Governments or Organizations that Identify Boko Haram as a Terrorist Group
Boko Haram (BH) refers to a violent Islamic entity in Nigeria that has been involved in deadly attacks targeting the state and civilians. The organization propagates the state victimization narrative as a means of eliciting sympathizers and recruits (Agbiboa, 2013). Its abduction of about 300 schoolgirls in April of 2014 received widespread international attention. The high death toll attributed to BH coupled with its linkages to other terrorist outfits such as Al-Qaeda and Islamic State has seen BH being ranked as one of the deadliest terrorist groups across the globe. So far, BH has killed about 15,000 (Onuoha, 2010). Estimates by the United Nations show that BH’s activities have resulted in the displacement of about 2.8 million people (Solomon, 2012). Additionally, the group has been active beyond Nigeria in Chad, Niger, and Cameroon; thus, it has been attracting attention of various countries and organizations concerned with addressing threats posed by the group. This paper discusses various aspects of BH, including its designation as a terrorist group, purposes, sources of support, and the role that terrorism plays in achieving its purpose. The structure of the group, force multipliers, terrorist incidents, and counter-terrorist operations targeting the group are also analyzed.
BH has been officially designated as a foreign terrorist organization (FTO) by the United States. The Department of State identified BH as a terrorist group in 2013 (Nweke, 2014). This designation came after numerous extremely lethal attacks initiated by the organization against international and domestic targets in Nigeria. Moreover, its leaders, including Adan Kambar Abubakar, Khalid al-Barnawi, and Abubakar Sgekau have been designated as international terrorists (Agbiboa, 2013). By listing BH as a terrorist organization, the US sought to sever the organization’s ties with the US financial institutions and permit banks to freeze assets of individuals linked to it (Onuoha, 2012). Moreover, the designation of BH had the aim of supporting Nigeria’s counterterrorism efforts. Besides the US, other countries such as the UK, Canada, and Australia identify BH as a terrorist entity. Australia designated BH as a terrorist outfit on June 26, 2014, whereas Canada designated it as terrorist entity on December 24, 2013 (Nweke, 2014). Motivations underpinning the designation by these countries relate to countering of its financing. Additionally, Nigeria and other countries in the region, including Niger, Chad, and Cameroon, identify BH as a terrorist entity.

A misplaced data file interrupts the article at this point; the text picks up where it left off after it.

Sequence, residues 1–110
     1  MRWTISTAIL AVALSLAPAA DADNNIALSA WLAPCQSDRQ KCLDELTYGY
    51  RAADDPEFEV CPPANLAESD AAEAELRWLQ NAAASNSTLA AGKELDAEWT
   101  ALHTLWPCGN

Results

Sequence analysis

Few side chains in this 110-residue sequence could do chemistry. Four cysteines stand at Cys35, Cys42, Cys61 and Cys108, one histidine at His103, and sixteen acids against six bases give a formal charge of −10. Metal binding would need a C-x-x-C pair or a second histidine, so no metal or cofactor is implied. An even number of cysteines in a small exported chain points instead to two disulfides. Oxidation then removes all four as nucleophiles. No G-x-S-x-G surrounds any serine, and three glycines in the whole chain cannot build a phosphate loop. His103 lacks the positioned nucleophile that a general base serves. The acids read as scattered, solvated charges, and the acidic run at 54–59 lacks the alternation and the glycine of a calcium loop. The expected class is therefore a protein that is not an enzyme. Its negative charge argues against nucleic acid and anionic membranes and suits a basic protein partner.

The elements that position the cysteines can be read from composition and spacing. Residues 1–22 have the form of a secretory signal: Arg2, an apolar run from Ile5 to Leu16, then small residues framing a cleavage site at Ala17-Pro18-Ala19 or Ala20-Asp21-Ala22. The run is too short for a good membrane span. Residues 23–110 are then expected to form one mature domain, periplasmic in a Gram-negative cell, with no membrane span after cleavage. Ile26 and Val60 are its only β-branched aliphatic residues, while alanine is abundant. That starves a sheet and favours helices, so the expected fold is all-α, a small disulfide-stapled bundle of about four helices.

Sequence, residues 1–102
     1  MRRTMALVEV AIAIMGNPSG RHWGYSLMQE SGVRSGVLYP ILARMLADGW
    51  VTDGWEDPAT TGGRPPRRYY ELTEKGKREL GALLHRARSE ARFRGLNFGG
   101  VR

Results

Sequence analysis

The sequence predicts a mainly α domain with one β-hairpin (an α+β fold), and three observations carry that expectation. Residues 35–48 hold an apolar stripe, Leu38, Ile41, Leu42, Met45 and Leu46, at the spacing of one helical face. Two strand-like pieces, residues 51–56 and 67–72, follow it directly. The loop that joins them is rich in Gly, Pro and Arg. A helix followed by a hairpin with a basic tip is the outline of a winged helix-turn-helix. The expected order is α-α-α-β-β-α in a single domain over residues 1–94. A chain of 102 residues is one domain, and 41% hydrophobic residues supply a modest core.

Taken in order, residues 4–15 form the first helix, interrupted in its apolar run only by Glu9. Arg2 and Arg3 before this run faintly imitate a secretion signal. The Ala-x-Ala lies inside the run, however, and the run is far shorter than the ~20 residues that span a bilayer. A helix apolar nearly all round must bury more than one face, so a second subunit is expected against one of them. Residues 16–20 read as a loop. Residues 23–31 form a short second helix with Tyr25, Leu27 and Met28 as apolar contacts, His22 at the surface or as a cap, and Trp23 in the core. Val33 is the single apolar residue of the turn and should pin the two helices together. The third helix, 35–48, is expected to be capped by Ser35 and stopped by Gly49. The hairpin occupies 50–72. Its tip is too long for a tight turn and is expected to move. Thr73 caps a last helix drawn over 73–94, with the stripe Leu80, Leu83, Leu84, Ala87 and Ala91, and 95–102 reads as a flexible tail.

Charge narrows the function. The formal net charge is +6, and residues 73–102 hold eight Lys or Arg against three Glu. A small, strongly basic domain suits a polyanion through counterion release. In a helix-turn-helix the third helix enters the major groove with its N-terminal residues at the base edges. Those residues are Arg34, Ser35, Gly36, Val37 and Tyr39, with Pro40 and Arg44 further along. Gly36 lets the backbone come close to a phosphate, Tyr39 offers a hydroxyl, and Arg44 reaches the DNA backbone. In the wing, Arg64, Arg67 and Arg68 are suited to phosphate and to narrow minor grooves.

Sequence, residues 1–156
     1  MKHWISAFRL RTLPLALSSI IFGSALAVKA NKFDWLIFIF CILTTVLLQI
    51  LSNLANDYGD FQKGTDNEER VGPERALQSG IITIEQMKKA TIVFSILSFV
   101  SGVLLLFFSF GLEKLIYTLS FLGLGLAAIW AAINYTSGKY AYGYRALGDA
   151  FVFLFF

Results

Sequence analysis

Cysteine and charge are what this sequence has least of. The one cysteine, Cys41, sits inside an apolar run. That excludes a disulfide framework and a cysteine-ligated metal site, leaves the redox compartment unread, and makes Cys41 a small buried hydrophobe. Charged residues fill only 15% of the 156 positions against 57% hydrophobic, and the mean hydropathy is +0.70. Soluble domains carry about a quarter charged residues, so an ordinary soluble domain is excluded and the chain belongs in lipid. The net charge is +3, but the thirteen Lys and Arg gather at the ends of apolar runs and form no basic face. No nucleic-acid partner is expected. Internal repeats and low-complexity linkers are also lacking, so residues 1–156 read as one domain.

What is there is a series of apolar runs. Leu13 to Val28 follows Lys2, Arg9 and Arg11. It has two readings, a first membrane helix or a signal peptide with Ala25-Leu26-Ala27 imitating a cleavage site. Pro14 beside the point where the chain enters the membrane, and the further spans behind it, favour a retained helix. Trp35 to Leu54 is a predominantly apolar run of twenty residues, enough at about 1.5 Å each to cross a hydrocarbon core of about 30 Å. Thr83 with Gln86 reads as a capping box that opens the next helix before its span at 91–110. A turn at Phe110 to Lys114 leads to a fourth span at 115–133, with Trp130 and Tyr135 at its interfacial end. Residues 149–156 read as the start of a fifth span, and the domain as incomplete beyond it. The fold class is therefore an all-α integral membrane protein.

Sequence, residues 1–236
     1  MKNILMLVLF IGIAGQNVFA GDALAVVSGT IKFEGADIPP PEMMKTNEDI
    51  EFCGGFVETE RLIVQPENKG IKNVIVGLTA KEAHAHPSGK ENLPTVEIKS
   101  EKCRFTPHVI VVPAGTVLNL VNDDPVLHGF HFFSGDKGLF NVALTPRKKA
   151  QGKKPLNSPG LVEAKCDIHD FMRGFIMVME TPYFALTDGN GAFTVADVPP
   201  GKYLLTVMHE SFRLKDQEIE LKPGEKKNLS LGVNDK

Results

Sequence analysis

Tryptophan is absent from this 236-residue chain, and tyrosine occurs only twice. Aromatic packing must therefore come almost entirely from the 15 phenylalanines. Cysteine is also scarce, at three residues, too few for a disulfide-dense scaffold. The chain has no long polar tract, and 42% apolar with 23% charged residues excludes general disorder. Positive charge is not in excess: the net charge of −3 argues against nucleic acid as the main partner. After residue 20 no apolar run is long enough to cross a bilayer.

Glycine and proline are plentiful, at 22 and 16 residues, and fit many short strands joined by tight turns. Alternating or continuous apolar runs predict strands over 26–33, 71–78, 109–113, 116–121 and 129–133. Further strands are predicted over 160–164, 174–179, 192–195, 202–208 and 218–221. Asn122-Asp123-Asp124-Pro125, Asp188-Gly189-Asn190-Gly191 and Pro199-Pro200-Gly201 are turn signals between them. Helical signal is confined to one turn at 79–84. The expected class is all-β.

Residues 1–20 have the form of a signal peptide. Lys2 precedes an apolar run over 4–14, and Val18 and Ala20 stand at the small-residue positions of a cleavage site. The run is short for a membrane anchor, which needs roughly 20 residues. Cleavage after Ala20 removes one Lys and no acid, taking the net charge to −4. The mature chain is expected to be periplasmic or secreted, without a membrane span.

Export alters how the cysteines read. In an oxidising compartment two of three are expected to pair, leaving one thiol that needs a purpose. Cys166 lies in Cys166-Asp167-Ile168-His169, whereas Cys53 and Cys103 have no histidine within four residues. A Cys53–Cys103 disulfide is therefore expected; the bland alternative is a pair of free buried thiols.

Moreover, the European Union (EU) and the United Nations (UN) consider BH as a terrorist entity. The UN listed BH as terrorist institution on May 22, 2014, whereas the EU listed it on May 28, 2014 (Gilbert, 2014). The designation by the UN and the EU sought to show their commitment to supporting Nigeria fight terrorism, while at the same time ensuring that human rights and the rule of law are upheld. The EU added BH to the list of entities, groups, or people whose economic resources and funds can be frozen (Aghedo & Osumah, 2012). It is evident that identifying BH as a terrorist entity by various governments and organizations are mainly motivated by the need to impede its financing and show support to Nigeria’s efforts geared towards combating terrorism.
Purposes of BH